Thursday, March 31, 2016
An encounter with an unreconstructed old rebel
"Sir, sir," I heard; it was the voice of an older man, kind of high-pitched and whiney. I looked around then saw him getting out his pickup truck behind us, blocking us in. I wondered what was going on. "Sir," he said again.
"Yes, sir, what can I do for you?" I said.
"Where did you get your cap?" he said.
I was wearing my Confederate flag cap, and my first thought was, "Oh, no. Here's someone offended by Southern history." But my next thoughts cascaded to a conclusion: "This is Oklahoma. That ancient, hunched-over man with a white beard, in overalls and with a rusty old pickup probably is not a sissy liberal." So I lightened up and gave him a smile, showing that I have a missing tooth, making the word on my cap, "Redneck," a truth.
"Well, sir, we are from Missouri--," I started.
"Yes, I see that,'" he interrupted, looking at the license plate.
"--and I found this at an antique mall in Lebanon," I continued. Turning to my wife in the driver's seat, I asked, "What was the name of that place?" Then I remembered and turned back to the guy as my wife and I said together, "Heartland. Heartland Antique Mall."
I walked toward the old man, and he said, "I've been looking for a cap with a rebel flag on it."
"Well, you might try some antique malls around here," I said. "The one in Lebanon had three or four booths with Confederate merchandise--flags, caps, pins, stickers and such."
The old man said, "I've got pins and stickers, and a flag, but I need a cap." He said he was originally from Alabama and his wife, in the truck, was from Georgia.
"Find an antique mall around here," i said, "and I'll bet you will find one." I took off my cap and we looked at the flag embroidered on the front of it. "But watch out what you buy. Look at this one," I said. "It is made in China, and you'll notice that the Chinaman who designed it left out the star in the center of the cross. This flag only has 12 stars, not 13," I said.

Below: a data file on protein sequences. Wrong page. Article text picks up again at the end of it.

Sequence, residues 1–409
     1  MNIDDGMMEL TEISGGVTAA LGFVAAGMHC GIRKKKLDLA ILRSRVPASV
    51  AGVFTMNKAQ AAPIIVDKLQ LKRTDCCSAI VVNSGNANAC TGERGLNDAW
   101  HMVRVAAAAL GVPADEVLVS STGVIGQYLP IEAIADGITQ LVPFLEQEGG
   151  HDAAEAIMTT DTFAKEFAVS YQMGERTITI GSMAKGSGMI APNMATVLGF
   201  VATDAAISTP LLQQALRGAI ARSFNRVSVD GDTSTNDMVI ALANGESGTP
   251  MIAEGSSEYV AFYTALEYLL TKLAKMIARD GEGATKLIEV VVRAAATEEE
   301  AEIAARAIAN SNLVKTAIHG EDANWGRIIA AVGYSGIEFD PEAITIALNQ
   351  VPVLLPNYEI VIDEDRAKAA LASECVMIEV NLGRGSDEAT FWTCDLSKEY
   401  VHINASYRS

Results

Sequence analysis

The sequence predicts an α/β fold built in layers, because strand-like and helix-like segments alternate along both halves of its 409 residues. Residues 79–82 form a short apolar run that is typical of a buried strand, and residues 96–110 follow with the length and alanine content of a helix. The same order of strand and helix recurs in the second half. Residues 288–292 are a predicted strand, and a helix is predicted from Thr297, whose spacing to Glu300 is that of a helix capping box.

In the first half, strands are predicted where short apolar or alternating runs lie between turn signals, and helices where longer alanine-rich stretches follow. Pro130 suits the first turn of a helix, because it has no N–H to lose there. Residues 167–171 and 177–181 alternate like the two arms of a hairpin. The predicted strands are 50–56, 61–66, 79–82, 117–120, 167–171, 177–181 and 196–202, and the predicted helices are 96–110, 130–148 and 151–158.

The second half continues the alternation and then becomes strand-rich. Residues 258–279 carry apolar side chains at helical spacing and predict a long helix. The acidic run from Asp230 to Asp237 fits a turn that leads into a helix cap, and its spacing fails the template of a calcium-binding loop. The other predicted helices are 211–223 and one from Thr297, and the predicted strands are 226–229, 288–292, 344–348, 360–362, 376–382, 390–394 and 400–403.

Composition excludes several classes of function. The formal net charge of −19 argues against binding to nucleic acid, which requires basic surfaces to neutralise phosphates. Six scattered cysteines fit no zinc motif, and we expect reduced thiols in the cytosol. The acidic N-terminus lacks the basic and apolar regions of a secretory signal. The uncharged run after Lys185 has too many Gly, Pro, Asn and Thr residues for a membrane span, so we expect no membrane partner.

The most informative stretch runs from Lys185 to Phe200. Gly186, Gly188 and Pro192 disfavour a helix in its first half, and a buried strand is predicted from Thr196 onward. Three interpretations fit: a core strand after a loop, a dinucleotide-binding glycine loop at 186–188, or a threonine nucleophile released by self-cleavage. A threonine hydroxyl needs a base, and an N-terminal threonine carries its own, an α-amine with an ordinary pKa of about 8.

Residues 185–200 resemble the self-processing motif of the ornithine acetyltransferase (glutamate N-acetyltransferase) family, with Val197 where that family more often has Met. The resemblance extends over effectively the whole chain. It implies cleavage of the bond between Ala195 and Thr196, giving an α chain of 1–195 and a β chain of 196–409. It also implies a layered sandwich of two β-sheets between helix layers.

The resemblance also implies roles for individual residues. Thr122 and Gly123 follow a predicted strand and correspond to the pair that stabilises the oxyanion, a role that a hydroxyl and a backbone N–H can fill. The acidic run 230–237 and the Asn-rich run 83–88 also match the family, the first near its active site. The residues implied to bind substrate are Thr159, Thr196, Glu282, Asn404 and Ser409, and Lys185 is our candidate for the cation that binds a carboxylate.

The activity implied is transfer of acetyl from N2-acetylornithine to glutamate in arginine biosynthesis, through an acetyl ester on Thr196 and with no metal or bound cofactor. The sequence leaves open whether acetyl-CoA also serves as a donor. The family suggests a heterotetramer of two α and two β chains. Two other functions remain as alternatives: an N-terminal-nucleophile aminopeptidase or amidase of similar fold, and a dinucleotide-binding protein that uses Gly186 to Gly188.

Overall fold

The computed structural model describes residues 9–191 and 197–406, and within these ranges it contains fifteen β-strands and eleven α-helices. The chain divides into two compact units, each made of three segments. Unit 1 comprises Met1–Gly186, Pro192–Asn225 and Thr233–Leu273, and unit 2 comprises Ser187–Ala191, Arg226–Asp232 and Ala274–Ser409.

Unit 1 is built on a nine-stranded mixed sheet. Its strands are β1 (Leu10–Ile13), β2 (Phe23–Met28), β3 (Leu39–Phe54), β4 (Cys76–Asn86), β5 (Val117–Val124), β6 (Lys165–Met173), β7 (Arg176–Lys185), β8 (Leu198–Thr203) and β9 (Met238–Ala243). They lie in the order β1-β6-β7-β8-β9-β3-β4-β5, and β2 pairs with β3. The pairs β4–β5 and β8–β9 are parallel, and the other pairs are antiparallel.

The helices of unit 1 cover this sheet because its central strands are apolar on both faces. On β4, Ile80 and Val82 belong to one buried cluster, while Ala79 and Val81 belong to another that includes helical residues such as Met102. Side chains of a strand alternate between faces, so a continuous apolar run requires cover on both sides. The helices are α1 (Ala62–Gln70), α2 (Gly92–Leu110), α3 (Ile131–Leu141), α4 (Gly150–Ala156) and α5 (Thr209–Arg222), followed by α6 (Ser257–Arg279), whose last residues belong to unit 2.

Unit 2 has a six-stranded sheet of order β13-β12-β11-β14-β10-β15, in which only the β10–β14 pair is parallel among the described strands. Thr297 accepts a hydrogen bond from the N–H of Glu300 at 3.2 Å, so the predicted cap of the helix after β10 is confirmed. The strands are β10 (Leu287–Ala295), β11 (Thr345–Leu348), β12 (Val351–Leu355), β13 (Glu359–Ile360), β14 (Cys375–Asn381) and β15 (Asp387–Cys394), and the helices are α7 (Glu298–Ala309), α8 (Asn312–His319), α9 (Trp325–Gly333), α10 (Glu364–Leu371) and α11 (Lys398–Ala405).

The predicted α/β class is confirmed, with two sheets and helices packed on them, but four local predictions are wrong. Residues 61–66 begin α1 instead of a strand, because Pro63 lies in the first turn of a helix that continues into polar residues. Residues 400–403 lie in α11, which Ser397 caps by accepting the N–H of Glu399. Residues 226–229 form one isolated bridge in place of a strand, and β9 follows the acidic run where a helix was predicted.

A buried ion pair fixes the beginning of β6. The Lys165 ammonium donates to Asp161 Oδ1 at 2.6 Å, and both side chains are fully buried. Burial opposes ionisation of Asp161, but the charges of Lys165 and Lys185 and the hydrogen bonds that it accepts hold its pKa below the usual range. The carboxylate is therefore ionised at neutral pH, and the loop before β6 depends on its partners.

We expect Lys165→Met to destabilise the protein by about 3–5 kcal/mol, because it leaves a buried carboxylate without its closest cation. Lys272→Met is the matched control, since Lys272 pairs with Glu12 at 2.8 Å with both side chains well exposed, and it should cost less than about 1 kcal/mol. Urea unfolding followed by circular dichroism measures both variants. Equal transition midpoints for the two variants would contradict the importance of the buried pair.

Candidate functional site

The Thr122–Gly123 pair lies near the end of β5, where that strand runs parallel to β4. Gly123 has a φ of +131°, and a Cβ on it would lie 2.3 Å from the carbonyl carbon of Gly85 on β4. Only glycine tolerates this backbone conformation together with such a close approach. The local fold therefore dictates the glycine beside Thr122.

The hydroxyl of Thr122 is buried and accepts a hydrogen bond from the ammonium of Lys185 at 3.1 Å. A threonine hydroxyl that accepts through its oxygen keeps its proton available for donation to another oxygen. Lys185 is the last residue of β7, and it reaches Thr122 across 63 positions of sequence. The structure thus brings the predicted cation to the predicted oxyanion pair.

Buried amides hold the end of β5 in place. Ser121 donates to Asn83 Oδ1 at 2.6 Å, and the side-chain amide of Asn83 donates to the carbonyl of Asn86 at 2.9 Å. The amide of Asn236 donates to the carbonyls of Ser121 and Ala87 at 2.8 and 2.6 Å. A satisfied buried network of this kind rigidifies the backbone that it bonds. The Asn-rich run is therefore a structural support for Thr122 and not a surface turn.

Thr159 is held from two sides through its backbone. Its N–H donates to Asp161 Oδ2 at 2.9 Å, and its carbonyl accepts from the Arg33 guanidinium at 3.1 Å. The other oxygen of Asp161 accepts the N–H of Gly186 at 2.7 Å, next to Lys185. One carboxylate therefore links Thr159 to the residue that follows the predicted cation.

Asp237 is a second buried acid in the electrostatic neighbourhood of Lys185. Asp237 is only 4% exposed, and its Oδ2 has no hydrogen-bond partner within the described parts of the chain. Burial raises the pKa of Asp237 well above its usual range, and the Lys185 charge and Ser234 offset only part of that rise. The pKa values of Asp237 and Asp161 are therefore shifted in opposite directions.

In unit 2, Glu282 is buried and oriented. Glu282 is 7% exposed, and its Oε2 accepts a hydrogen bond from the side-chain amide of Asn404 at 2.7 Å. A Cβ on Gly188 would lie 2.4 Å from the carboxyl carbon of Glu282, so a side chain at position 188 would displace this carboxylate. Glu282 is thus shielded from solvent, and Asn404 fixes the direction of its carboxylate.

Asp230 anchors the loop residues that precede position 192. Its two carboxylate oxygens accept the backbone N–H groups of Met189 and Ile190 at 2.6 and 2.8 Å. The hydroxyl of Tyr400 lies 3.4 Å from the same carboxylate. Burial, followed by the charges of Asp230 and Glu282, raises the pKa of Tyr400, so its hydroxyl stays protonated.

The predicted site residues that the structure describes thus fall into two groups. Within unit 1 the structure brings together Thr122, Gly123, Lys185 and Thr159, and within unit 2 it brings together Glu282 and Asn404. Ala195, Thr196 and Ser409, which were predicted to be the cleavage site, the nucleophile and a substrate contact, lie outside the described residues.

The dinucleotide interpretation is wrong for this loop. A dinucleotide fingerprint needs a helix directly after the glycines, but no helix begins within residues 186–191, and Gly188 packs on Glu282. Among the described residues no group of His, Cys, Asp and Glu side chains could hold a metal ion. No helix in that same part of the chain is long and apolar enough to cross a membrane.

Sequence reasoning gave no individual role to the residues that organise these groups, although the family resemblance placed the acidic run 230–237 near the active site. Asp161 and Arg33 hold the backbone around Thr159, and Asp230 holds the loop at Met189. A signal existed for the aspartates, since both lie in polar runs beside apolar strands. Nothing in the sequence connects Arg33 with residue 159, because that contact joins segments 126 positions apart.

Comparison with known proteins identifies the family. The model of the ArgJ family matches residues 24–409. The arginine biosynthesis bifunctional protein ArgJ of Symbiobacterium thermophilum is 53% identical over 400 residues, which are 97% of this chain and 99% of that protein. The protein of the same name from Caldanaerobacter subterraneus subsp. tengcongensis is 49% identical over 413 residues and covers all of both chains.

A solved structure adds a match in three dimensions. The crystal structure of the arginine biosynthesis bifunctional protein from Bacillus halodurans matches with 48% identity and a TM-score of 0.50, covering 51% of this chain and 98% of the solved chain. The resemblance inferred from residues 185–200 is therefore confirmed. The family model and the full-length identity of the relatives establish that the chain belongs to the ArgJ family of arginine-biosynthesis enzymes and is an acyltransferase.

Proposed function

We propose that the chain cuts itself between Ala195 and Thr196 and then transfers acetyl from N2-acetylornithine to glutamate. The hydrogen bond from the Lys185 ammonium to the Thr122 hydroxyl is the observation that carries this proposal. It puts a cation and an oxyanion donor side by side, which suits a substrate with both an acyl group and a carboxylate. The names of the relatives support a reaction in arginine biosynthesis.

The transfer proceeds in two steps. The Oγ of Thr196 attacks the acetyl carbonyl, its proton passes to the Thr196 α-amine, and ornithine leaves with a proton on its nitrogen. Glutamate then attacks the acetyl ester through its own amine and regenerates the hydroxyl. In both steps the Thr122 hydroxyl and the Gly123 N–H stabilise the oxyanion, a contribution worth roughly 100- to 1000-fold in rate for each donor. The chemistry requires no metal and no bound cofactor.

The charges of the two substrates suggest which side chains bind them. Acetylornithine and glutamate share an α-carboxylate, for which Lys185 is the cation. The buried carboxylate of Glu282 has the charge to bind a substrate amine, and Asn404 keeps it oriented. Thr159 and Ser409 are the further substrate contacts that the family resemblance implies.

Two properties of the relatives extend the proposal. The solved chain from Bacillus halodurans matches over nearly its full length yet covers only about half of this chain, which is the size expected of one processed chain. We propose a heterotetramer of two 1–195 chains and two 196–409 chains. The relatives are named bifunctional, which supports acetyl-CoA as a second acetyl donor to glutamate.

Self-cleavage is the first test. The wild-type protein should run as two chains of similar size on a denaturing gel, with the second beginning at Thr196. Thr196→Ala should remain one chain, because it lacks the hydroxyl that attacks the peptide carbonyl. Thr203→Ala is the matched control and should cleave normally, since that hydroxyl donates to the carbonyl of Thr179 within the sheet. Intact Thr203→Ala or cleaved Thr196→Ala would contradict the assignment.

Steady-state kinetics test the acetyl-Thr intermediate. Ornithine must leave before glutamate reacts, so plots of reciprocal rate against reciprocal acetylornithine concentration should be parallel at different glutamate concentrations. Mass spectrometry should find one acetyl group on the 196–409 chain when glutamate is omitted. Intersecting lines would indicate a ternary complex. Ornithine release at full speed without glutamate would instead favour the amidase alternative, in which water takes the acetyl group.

"Yes, sir," he said. "They left out a star, sure enough."
I continued, "Whenever anyone tells me they are offended by my cap, I take it off and look at it I say, 'It offends me, too, because it only has 12 stars. This is a fake rebel flag. A real Confederate flag would have 13 stars.' "
Putting the cap back on my head, I said, "I guess they left out Kentucky, because according to the Sons of Confederate Veterans, Missouri is the 12th star."
The old man said, "Do you know the first three states to secede?"
"South Carolina was the first. Everybody knows that," I said, "but I don't know the order of the rest of them. I know all 13 states, but I don't know the order."
"South Carolina, Mississippi, Florida," he said.
"Well, all right," I said. "Well, sir, we've got to get on down the road. We are headed to Texas for Christmas, and we'd like to get to our first stop before dark. Merry Christmas to you." I turned and headed back to the passenger's door that still stood open.
As I started to get in, I heard him say something else, so I turned again toward him.
"What's that, sir?" I said.
"Just remember, the Stars and Bars are forever," the unreconstructed old Southern rebel said as he got into his truck.
"Yes, sir, God bless Dixie and Merry Christmas to you," I said, and I got into our SUV.
My wife was laughing.
"What's so funny?" I said. "That was an interesting old man."
"I'm laughing at you," she said. "I can't believe in all that you didn't tell him you were a native of Georgia."
"Well, by gosh, I am, and no one, not even a Texan, can take that away," I said, slightly irritated. "But you are right, I should have told him, but I didn't, so let's hit the road."
As we headed south on the highway, I thought, "I wish I had told him I was born in Georgia and am dang proud of it, along with my Ozarkian bringing-up."
And I also thought: "I wish I had given him this cap."